By contrast, Katniss shows a masculine side as she determinedly assumes her deceased father’s role. Adept with bow and arrow, Katniss is a primary provider for her mother and Prim, as she is one who hunts and provides food for the family. After her father’s death, Katniss’ mother enters a state of depression. This forces Katniss to assume the role as the nucleus of the family by taking on the roles of both parents.

The Dystopian society of Panem forces two youngsters from each of the twelve districts to participate in “The Hunger Games”. The rules are very simple; the twenty four players must kill each other and survive in the wilderness until only one remains. “Desire is death” (Shakespeare, sonnet 147, 42). When her younger sister, Primrose Everdeen, is selected as one of the “tributes” of their district. Katniss volunteers to take her place in the games. She and her male counterpart, Peeta are pitted against bigger, stronger representatives, some of whom have trained for their whole lives. “I volunteer! I gasp. I volunteer as tribute!”(Hunger Games, 22).

Before the Hunger Games start, Katniss is branded though not by choice. In a pre-game interview, Peeta her fellow tribute from District 12, declares his love for Katniss to the public. This romantic proclamation immediately throws Katniss off-guard as she was not looking for an alliance, let alone a manufactured romantic relationship. After Katniss unleashes her initial frustration on Peeta, Haymitch points out, “that boy just gave you something you could never achieve on your own… he make you look desirable!” (Hunger Games, 135). Peeta’s announcement assists in creating an identity for Katniss to perform in the arena. To the audience, Katniss in her role as the star-crossed lovers. Katniss in her role as the star-crossed lover, demonstrates that both her identity and as a result culture actively engage in the process of reinvention.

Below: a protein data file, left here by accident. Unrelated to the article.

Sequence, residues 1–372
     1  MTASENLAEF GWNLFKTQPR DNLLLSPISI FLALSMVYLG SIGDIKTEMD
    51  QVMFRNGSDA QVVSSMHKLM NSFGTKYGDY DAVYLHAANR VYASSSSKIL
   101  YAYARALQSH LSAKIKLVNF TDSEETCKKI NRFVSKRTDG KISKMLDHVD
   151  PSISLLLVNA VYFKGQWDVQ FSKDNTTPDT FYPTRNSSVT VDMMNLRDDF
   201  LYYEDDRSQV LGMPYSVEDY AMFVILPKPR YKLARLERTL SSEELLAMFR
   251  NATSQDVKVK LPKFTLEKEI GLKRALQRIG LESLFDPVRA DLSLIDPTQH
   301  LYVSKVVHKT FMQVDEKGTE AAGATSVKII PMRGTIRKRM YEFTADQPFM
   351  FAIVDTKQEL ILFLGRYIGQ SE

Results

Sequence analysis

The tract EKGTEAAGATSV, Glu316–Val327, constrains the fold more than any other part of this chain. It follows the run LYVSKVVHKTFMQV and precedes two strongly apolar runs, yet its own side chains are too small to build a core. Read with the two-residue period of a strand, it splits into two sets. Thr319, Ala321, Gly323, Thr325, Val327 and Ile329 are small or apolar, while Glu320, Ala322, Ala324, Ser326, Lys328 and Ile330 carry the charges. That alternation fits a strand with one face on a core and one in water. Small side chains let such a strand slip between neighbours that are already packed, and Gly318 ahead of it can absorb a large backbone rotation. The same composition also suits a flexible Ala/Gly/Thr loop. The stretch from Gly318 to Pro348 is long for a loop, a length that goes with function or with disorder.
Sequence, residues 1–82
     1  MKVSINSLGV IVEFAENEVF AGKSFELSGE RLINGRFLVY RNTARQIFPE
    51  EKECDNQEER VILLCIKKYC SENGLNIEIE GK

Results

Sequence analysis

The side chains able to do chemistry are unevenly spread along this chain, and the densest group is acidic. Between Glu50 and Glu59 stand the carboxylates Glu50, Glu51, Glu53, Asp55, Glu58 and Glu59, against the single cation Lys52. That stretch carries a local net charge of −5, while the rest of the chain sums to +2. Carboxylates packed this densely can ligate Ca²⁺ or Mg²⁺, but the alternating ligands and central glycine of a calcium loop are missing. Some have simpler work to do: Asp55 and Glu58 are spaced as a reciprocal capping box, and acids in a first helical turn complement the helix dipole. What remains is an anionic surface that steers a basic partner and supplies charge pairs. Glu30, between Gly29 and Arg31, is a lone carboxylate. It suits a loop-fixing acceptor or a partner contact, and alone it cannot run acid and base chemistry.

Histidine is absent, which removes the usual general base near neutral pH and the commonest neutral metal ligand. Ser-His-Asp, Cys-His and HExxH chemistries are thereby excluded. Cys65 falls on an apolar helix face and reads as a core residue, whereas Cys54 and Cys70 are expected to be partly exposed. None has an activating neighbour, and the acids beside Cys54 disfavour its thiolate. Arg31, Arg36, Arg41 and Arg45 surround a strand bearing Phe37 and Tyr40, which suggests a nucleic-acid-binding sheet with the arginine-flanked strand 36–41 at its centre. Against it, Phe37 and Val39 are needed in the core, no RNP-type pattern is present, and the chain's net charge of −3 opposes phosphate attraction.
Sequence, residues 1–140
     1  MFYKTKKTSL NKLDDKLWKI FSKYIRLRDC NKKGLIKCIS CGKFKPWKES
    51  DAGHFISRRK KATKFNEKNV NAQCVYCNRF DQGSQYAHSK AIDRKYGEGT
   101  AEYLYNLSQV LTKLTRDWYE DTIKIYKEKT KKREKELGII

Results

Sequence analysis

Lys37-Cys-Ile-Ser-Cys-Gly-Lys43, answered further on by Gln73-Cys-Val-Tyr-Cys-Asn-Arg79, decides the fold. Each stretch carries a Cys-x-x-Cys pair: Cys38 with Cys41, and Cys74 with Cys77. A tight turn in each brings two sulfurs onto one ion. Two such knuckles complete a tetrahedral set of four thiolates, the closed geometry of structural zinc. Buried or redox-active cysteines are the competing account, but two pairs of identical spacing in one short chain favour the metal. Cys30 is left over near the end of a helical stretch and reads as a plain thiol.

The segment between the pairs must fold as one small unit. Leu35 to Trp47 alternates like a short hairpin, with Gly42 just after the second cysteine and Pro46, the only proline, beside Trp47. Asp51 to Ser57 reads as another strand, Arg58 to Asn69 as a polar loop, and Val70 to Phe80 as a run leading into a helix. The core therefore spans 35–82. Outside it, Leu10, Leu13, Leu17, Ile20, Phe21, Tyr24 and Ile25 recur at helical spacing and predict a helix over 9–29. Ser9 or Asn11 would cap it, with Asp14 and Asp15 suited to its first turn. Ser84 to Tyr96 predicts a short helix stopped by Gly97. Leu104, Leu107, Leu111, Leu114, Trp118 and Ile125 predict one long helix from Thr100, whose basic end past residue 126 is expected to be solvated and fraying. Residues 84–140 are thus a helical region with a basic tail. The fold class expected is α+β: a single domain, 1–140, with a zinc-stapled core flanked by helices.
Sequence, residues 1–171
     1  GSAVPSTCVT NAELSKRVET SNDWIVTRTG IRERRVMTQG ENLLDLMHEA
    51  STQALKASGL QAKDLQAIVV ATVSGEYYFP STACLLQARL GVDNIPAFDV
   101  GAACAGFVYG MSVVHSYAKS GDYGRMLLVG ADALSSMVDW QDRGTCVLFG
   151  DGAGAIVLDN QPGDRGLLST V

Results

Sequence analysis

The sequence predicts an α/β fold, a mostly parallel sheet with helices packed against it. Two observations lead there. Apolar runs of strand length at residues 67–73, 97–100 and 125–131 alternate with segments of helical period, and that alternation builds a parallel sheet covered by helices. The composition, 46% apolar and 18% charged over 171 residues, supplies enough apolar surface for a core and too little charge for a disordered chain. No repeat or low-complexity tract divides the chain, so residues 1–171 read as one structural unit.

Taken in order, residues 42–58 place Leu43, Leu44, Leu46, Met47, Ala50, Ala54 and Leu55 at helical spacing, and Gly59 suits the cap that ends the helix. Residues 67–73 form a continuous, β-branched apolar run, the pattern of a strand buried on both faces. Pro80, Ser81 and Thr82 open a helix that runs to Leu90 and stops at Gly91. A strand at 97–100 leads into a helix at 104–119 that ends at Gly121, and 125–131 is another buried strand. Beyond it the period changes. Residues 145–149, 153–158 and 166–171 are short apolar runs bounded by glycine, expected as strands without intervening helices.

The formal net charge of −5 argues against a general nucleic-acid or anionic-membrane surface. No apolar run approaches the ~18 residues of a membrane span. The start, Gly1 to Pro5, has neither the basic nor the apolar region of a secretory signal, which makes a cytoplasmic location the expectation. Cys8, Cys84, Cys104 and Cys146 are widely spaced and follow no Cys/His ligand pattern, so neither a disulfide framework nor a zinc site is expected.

Haymitch serves as a very human and intermittently likeable mentor figure for Katniss and Peeta. He coaches the pair from a position of experience, he understand the rules of the Hunger Games and the celebrity surrounding it. He knows the importance of creating a persona, and encourages Katniss to go along with the romance plat introduced by Peeta. As Haymitch states to Katniss, “you were about as romantic as dirt until he said he wanted you. Now they all do. You’re talking about. The star crossed lovers from District twelve!” (Hunger Games, 135). This quote is the audience desire for romance in game fuels Katniss’ new identity.

In our current world we have all media, all the time, access to television, computers, everything. Our reality television has to go to greater lengths for more “interesting” content. Here the author Suzanne Colllins also portrays the hunger games as reality television in her dystopia and holds up a mirror to modern society and its consumption of reality television. This idea of fabrication a reality poses a conflict for Katniss as she needs to negotiate her new identity as the star-crossed lover based on the relationship between herself, Peeta, the audience and the Game makers. In order to create tension and excitement for the audience as well as fuel their interest in the District twelve romance, the game makers create a scenario in which Katniss must further explore her new identity.

By announcing that two tributes from the same district may be crowned as victors, Katniss comes to realize that this alteration of the rules was made to suit her fictitious identity as she ponders, “The star-crossed lovers…Peeta must have been playing that angle all along. Why else would the game makes have made this unprecedented change in the rules? For two tributes to have a shot at winning our ‘romance’ must be so popular with the audience that condemning it would jeopardize the success of the games”. (Hunger games, 247).